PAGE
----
In the life of Elijah the prophet, there came a time when he was forced to flee and hide in the wilderness on the east side of the Jordan River (1 Kings 17:1-6). This occurred at the very beginning of the period in which Elijah figured so prominently in the story of Israel, the northern kingdom. The Lord sent Elijah to speak to King Ahab about his wickedness in the mode of a drought. Elijah, having accomplished that task, was then instructed by the Lord to go into hiding. Specifically, he was to go into hiding in the valley of the brook, or ravine, called Kerith. During his time in hiding, the Lord instructed him, he was to remain completely secreted. God would send ravens to feed him and he was to drink from the water in that valley.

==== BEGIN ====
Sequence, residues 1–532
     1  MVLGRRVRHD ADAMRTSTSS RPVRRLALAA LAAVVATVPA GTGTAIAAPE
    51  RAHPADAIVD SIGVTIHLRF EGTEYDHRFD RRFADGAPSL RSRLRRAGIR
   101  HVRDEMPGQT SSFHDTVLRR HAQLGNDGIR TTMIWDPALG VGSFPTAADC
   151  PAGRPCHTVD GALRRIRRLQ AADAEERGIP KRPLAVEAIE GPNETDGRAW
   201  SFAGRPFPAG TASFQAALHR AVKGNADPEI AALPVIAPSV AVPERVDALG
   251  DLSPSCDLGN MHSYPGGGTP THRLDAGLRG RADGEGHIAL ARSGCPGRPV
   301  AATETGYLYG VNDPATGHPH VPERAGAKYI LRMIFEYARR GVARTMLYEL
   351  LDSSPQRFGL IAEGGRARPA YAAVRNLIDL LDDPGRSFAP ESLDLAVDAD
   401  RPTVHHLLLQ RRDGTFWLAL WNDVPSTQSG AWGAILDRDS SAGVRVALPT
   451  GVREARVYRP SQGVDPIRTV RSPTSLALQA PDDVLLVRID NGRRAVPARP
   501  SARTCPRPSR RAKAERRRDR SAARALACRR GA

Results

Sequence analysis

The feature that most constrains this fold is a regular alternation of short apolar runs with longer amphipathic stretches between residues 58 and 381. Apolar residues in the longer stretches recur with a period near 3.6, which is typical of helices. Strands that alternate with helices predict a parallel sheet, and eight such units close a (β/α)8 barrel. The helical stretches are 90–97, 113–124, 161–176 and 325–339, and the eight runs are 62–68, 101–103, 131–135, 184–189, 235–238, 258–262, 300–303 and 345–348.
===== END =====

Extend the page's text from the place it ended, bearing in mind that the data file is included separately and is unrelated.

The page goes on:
Elijah complied with the instructions of the Lord and headed for the ravine to hide. During the time Elijah hid in the ravine, the ravens brought him bread and meat twice a day and he drank water from the brook. Eventually, the water in the brook dried up due to the drought. Only then did Elijah move on to live among the Sidonians, who were a Phoenician group that lived north of the boundary of the kingdom. As long as the water lasted, probably at least a year, the ravens faithfully brought food to Elijah. It was the end of the water that caused him to move on. The ravens remained faithful to the charge to which the Lord had put them.